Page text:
You might tell your nephew that although horseradish doesn't come from a horse, the horse does figure prominently in its name. The horse is a large, not especially delicate animal. As a result, one sense of the adjective "horse'' is "large or coarse of its kind.'' The condiment we call "horseradish'' comes from the pungent root of a tall, coarse, white-flowered herb of the mustard family known scientifically as "Armoracia lapathifolia'' and more familiarly as "horseradish.'' Horseradish isn't the only plant designated "horse'' because of its coarse quality. Others include "horsebean,'' "horse cucumber,'' and "horse mushroom.''

Appreciate this column? Why not sign-up for the daily JWR update. It's free. Just click here.

Readers may send questions to Merriam-Webster column, P.O. Box 281, 47 Federal St., Springfield, Mass. 01102. Comment by clicking here.


05/06/04: 'Historic' v. 'historical'; 'prestigious' = 'trickery'?; 'can of corn' as sports phrase
04/27/04: Derivation of 'bozo'; 'elt'; 'spill the beans'
04/21/04: Meaning of "budget'' in the word "fussbudget''; "bleeding hearts''; "skycap''
04/01/04: "Thin red line''; "doak"; "level playing field"
03/22/04: "King Canute"; "vodka"; "Cheese it. The cops!''
03/16/04: "Carrot and stick''; "hue and cry''; Where did the term "flea market'' originate?
03/09/04: Going "haywire"; "close, but no cigar"; "mahatma"
03/01/04: "Roundheel'' and "well-heeled''; "milquetoast"; "sick as a dog''
02/26/04: "Charley horse"; "`Foolproof''; "cracker-barrel''
02/17/04: "Dunce''; titles "Mr.'' and "Mrs.''; "under the weather''
02/10/04: "Turnpike''; "dead reckoning''
02/02/04: "Mutt"; "lobby" in its political sense; "procrustean bed"
01/27/04: "Decimate"; "duende"; a dessert "junket"?
01/14/04: Is "MacGuffin" related to all the "Mac" and "Mc" words we've been hearing about recently?; "afghans" and "Afghans"; "since Hector was a pup"
01/09/04: Confused about the word "hearsay"; "Burgle"; "waiting in line" or "waiting on line"?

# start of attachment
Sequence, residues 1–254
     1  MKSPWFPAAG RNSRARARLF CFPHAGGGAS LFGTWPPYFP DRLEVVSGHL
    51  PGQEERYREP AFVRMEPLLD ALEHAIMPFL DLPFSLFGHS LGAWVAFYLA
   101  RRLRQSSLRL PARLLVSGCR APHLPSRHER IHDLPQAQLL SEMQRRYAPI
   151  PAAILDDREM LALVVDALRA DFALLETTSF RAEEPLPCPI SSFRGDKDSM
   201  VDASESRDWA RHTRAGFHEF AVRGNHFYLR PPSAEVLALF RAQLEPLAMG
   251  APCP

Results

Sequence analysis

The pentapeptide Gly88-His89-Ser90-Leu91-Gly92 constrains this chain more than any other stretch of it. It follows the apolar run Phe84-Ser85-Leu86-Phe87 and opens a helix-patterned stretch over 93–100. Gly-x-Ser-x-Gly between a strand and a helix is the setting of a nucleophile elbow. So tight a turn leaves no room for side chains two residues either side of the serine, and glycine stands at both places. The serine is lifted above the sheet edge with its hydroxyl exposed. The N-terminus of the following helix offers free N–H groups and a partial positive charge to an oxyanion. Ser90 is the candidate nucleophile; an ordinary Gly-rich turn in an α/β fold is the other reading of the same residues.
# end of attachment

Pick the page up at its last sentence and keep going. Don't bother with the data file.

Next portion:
12/31/03: The past tense of "plead''; Is "old adage'' redundant?; Where did "lounge lizard'' come from?
12/15/03: "Ostracize" and "oyster''?; Where does the "mentor'' come from?; "jeopard''
12/02/03: "Karats'' and "carats'' — meaning of and difference between; why apostrophe in "'cello''?; "hell-bent for leather''
11/18/03: "Hoosegow,''; why the little finger is called the "`pinkie''; difference between "lady'' and "dame''
11/13/03: 'Take it on the lam'; 'decorum'; 'you look like the wreck of the Hesperus'
11/03/03: Origin of "hypnosis"/"hypnotism"; "all right" or "alright"; emote
10/28/03: "Blue plate special"; how to use "hoi polloi''; "Peck's Bad Boy''
10/20/03: Who was the person the artist who first used "silhouette" as an art form?; why are they called migraine headaches?; origin of "keep one's shirt on"
10/13/03: "Grey'' in "greyhound'' has nothing to do with the color?; "at loggerheads''
09/29/03: Where does the word "karaoke" comes from?; people or persons?; "synecdoche"
09/23/03: Using "eke'' correctly; fedora; why do we call an especially flattering biography a "hagiography''?
09/10/03: Why do we call a zero score in tennis "love''?; "biannual'' or "semiannual''?; Is there any difference between "further'' and "farther''?; dilemma of using "dilemma''
09/02/03: "Out loud'' rather than "aloud''; "pushing the envelope''; "without rhyme or reason''
08/25/03: "Cheesy''; "hold a candle''
08/11/03: "Halcyon days''; Why isn't "sacrilegious'' spelled "sacreligious''?; "red light'' and "green light'' as expression — which came first, the inaction or the signals?
08/04/03: "Votive'' candles; "cosmeticizing"; "potluck''
07/28/03: Why ‘debt’ has a ‘b’ in it; "south moon under''; why "Rx'' is used for prescriptions
07/21/03: "Romance" & "Rome"?; punching & clocks; "conversate"
07/14/03: "Lukewarm''; Where did we get the word "wig'' for a fake head of hair?
07/09/03: Why doesn't "Arkansas'' rhyme with "Kansas''? ; "Catawampus"; "Jimmie Higgins work"
06/30/03: "Foozle"; author who wrote an entire novel without using a certain letter of the alphabet?; "kith and kin"
06/23/03: "On the fritz"; "knuckle down''
06/17/03: How did "lazy Susan'' come to be used for the rotating tray?; woolgathering'' as synonym for "idle daydreaming''; "in harm's way''
06/09/03: "Clotheshorse"; a god named "Ammonia"?
05/29/03: With kid gloves; "receipt'' = "recipe''?; from soup to nuts

©2004 Merriam-Webster Inc.

Distributed by Knight Ridder/Tribune Information Services